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Magical lentil – a quiet revolution

Jan 05,2013

Experimental lentil field at ICARDA. After the harvest, seeds of each variety are packed for weighing, measurement and laboratory analysis.
Improved lentil varieties are short duration, high yielding and resistant to crop diseases such as rust and blight

In food security terms, while the attention of much of the world is focused on headline grabbing crops such as wheat, rice and corn (maize), a quiet revolution has been taking place with a “humble” legume – lentil. Across much of North Africa, through Arab lands to South Asia, the lentil is a crucial food staple.

South Asia (chiefly India, Bangladesh and Nepal) is by far the largest producer, consumer and importer of lentil and accounts for 45% of global lentil production. The “quiet revolution” here has seen total production double from 0.62 million tons in 1980, to 1.21 million tons in 2010.


In Bangladesh, the economic and nutritional benefits that improved lentils have brought to the population are well documented. Bangladesh grows some 150,000 ha of lentil, but has traditionally needed to import more than half of its consumption. Joint research between ICARDA and the Bangladesh Agricultural Research Institute (BARI) has helped reduce this gap with the development of a number of new lentil varieties.

These new varieties are generally short duration, high yielding with resistance or tolerance to crop diseases such as rust and blight. Lentils are grown in the post-rainy season, about half as a sole crop and half intercropped with wheat, oilseeds or other crops.

In 2009 an ICARDA impact study showed improved varieties on over 110,000 ha in Bangladesh, delivering an annual extra production gain of some 55,000 tons, and valued at US$38 million annually. That’s a significant figure in an economy as fragile as Bangladesh.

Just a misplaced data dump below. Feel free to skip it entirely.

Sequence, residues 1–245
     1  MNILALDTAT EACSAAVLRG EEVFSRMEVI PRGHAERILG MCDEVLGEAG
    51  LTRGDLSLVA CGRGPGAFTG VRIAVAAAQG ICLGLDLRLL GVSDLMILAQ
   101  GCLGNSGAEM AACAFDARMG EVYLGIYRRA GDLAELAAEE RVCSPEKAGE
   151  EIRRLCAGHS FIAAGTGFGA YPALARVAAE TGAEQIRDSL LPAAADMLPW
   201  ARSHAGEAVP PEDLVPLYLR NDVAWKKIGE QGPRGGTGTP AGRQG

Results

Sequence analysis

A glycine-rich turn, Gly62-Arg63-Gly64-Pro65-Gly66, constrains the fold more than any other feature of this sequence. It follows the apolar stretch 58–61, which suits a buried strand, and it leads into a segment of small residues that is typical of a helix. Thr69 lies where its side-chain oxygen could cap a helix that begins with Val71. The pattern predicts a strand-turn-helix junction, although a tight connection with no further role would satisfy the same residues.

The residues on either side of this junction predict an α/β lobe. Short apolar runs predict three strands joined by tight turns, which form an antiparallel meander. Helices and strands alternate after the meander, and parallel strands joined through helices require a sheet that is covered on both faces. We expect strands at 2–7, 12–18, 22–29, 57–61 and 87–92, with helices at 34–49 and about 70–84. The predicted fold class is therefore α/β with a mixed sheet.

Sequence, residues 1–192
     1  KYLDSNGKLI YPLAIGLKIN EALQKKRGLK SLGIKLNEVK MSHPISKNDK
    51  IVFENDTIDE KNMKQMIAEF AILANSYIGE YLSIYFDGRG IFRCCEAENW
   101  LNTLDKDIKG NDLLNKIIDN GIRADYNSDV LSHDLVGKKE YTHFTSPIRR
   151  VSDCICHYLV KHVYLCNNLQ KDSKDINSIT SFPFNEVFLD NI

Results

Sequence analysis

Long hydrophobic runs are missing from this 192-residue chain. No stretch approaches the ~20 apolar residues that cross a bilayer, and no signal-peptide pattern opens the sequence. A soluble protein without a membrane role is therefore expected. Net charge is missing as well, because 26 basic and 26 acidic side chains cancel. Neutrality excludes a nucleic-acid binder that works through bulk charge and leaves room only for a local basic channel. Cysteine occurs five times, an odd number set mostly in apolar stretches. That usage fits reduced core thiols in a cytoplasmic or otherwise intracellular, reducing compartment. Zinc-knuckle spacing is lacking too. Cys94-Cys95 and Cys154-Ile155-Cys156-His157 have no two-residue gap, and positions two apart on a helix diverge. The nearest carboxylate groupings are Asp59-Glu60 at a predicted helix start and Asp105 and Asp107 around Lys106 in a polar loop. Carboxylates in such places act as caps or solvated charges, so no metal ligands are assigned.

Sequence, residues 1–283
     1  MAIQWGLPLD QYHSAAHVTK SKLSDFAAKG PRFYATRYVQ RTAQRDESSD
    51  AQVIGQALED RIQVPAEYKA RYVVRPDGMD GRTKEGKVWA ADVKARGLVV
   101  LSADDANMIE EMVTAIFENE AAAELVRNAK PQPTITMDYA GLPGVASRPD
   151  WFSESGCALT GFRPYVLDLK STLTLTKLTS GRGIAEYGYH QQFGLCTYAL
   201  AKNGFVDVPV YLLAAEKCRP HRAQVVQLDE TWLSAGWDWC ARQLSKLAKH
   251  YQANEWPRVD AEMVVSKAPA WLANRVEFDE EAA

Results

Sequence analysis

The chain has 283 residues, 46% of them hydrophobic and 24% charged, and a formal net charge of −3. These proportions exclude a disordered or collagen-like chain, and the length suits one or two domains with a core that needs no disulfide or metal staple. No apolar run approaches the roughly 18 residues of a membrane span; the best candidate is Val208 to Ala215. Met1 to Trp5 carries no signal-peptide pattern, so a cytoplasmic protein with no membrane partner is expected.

It’s reckoned that 1.1 million farmers (average land-holding 0.1 ha) are now benefiting from increased farm incomes and extra household lentil consumption. About 5.5 million people are assessed to be receiving direct benefit from improved BARI/ICARDA lentil technologies.

Farmers use the extra income to purchase clothes and medicine, for funding the education of their children, building brick houses, buying rice and bullocks, and for repaying loans.


Similar lentil magic has been at work in Ethiopia in collaborative efforts between the Ethiopian Institute for Agricultural Research and ICARDA. Their joint legumes program has delivered chickpea varieties that can be successfully grown in waterlogged and fungal disease-prone areas as well as lentils that yield six times the harvest of traditional landraces.

An IFPRI impact study in 2010 showed that the release and uptake of high yielding, rust and wilt resistant lentil varieties in Ethiopia has increased the growing area and harvest at an annual rate of 15% from 1994 to 2009. This resulted in 105,956 ha cropped with lentils, and 123,777 tons of production in the 2009/2010 cropping season.


Shiv Kumar Agrawal    Email: S.Agrawal[AT]

It’s reckoned that 1.1 million farmers are now benefiting from increased farm incomes